Two-year study finds later school start times improve student sleep
Over half of US teenagers sleep less than seven hours each night, and there is increasing evidence these adolescent sleep deficits affect everything from general health to academic performance. A new study, led by researchers from the University of Minnesota, followed hundreds of students across five high schools for two years and found later school start times increase overall sleep durations.
For nearly a decade now many researchers have been pushing for later school start times in the United States. Back in 2014, the American Academy of Pediatrics recommended middle and high schools start no earlier than 8.30am, yet a study published that same year found over 90 percent of US high school students started before that time.
Around eight hours of sleep every night is the general recommendation for healthy adults, however, teenagers need a little more than that. The various biological changes going on in a growing adolescent body result in wonky circadian rhythms. Teenagers generally become sleepy much later in the evening than adults, plus, they need between eight and ten hours to maintain optimal physical and cognitive health.
In this new study, a US research team offers the most comprehensive investigation conducted to date into the sustained relationship between later school start times and teenager sleep quality. The study began by recruiting 455 grade nine students from five high schools. At the beginning of the study in 2016, two of the schools pushed back their start times, by 50 and 65 minutes respectively, while the other three continued with the regular 7.30am start time.
At the end of the two-year study the results revealed those students at schools with later start times experienced an average of 43 minutes more sleep than their early-starting peers. This extension in sleep duration is important, because the primary argument often waged against later school start times is the suggestion students would simply stay up later into the night if school started later in the morning.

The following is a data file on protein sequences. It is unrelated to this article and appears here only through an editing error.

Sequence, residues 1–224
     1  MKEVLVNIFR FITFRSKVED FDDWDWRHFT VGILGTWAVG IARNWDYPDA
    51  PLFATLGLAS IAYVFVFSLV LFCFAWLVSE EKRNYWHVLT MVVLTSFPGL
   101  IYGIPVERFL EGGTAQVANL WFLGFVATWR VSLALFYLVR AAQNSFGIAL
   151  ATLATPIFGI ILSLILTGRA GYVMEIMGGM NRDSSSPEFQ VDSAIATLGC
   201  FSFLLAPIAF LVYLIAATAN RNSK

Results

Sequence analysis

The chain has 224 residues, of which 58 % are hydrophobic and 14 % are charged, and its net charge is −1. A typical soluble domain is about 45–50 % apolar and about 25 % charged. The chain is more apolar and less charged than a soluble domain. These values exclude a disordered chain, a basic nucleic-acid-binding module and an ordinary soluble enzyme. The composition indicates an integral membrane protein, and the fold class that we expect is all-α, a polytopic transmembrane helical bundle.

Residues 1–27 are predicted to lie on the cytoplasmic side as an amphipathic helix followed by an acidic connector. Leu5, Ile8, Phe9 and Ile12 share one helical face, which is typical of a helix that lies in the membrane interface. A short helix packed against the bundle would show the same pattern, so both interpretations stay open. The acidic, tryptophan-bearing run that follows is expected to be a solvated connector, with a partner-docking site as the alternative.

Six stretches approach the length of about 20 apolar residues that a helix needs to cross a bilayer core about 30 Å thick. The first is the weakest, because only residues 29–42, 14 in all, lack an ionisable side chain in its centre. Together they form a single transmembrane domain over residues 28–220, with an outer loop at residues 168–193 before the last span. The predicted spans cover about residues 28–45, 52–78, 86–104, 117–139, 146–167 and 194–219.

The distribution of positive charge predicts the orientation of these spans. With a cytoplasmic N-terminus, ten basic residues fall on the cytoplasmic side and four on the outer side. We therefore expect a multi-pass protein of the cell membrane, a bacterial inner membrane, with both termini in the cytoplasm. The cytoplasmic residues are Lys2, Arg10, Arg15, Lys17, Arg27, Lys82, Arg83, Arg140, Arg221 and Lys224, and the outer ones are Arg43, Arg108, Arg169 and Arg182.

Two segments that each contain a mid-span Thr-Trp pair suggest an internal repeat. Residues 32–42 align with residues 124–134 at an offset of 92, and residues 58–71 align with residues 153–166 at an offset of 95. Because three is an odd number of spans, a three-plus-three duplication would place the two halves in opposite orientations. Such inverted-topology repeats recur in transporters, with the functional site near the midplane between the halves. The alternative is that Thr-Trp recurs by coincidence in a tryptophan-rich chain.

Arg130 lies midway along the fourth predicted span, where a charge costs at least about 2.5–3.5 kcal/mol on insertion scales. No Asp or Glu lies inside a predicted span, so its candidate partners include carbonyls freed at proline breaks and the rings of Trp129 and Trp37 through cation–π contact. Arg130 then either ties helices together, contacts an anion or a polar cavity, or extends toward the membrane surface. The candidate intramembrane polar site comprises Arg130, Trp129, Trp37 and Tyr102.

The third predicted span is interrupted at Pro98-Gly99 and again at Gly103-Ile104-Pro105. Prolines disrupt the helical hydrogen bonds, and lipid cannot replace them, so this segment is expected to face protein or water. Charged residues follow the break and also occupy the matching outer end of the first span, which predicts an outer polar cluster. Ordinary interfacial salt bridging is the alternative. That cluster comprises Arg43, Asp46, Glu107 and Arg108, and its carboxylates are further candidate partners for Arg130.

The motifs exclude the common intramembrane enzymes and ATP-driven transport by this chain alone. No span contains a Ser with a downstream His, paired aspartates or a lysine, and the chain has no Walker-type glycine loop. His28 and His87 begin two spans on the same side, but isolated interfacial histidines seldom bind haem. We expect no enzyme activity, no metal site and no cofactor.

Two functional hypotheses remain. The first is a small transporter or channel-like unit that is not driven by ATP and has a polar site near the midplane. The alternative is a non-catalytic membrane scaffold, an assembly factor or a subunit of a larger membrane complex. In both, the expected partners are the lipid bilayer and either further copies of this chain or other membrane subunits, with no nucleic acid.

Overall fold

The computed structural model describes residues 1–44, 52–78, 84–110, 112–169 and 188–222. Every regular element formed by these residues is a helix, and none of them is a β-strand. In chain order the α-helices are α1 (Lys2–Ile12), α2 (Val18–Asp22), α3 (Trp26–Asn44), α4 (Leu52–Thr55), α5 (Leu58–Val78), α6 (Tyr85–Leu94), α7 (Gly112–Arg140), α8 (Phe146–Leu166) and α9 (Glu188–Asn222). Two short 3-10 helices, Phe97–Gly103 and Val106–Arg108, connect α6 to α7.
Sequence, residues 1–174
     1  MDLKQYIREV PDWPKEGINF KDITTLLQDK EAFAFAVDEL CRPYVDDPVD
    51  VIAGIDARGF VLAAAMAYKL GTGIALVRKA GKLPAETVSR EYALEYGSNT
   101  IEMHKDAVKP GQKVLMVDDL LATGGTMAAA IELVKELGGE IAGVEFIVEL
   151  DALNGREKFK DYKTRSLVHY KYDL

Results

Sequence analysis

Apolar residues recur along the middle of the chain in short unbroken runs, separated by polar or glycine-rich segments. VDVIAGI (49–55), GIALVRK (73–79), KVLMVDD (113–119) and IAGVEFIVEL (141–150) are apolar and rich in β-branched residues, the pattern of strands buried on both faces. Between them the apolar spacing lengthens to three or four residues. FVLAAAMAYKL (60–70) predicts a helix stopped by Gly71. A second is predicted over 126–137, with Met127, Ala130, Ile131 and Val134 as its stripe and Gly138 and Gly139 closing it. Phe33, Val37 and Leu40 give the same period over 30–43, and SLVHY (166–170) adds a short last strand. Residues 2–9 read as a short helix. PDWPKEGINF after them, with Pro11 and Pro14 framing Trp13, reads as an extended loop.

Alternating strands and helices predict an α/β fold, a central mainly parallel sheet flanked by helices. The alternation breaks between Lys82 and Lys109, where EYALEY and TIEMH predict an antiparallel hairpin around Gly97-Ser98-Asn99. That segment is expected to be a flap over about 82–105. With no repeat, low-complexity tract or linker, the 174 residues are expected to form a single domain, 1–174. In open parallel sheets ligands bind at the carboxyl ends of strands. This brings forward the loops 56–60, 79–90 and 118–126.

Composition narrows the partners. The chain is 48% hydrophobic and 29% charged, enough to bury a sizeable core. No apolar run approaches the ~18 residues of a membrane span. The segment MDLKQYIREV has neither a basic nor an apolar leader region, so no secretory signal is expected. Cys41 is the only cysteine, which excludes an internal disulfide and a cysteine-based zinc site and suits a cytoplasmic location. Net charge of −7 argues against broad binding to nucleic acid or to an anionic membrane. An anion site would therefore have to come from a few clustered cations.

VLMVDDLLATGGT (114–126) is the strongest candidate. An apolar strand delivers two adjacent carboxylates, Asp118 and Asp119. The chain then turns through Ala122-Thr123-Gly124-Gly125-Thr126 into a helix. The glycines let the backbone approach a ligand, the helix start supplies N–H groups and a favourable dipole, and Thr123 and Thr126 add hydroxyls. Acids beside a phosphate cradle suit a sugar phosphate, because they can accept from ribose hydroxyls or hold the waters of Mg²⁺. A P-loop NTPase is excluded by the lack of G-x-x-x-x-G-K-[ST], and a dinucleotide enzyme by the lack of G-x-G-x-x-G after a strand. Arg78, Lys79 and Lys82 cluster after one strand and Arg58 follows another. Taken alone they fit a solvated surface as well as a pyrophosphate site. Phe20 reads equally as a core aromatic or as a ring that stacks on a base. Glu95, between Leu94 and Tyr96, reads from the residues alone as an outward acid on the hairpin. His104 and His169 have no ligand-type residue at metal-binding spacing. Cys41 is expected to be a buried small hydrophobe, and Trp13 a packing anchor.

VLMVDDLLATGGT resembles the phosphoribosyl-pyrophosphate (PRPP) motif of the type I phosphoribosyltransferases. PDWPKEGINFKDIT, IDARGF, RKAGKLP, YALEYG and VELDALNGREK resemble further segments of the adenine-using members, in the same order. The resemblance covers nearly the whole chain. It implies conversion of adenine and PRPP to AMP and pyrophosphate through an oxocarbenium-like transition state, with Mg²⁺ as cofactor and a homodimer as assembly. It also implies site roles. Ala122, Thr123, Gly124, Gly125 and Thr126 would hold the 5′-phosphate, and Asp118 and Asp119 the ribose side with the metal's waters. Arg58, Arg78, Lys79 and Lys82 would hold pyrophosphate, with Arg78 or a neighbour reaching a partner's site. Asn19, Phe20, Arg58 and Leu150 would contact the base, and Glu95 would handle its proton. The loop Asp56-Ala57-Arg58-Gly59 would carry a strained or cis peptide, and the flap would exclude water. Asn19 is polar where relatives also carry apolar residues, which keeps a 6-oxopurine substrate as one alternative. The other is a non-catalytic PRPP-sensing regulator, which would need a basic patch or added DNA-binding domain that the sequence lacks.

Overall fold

In fact, the study found no relative difference in sleep onset times between the early and late school starters, across the entire two year study period. So on average, teenagers went to sleep at the same time regardless of starting school at 7.30am or 8.30am.
“Furthermore, concurrent with the increase in school night sleep duration, those attending delayed-start schools had a decrease in weekend night sleep duration, suggesting lesser accumulated sleep debt with the later start times,” the researchers write in the study. “Sleep fragmentation, sleep efficacy, and sleep latency onset appeared to be minimally affected or unaffected by the shift to a later start time.”
Unlike some smaller prior studies, this new research did not examine any effects of the school start time intervention beyond overall sleep duration. So although there is prior evidence more sleep in adolescents can lead to improved academic performance, this new study is not built to address that effect.
In an accompanying editorial discussing the study, pediatric researcher Erika Cheng and JAMA Pediatrics associate editor Aaron Carroll point out the study offers significant and robust evidence that delaying school start times can result in better adolescent sleep duration. Cheng and Carroll, who did not work on the new study, refer to a notable volume of research linking mental health problems and poor academic performance in teenagers to insufficient sleep duration.
“We often blame adolescents for their not getting enough sleep, but much of that is not their fault - it is ours,” the pair of researchers write in the editorial. “We set the school start times, mostly to fit our work schedules. Pushing back school start times might be inconvenient. but it is a mutable, cost-effective, population-level strategy that would improve the lives of many, if not most, adolescents in the United States.”
The new research was published in the journal JAMA Pediatrics.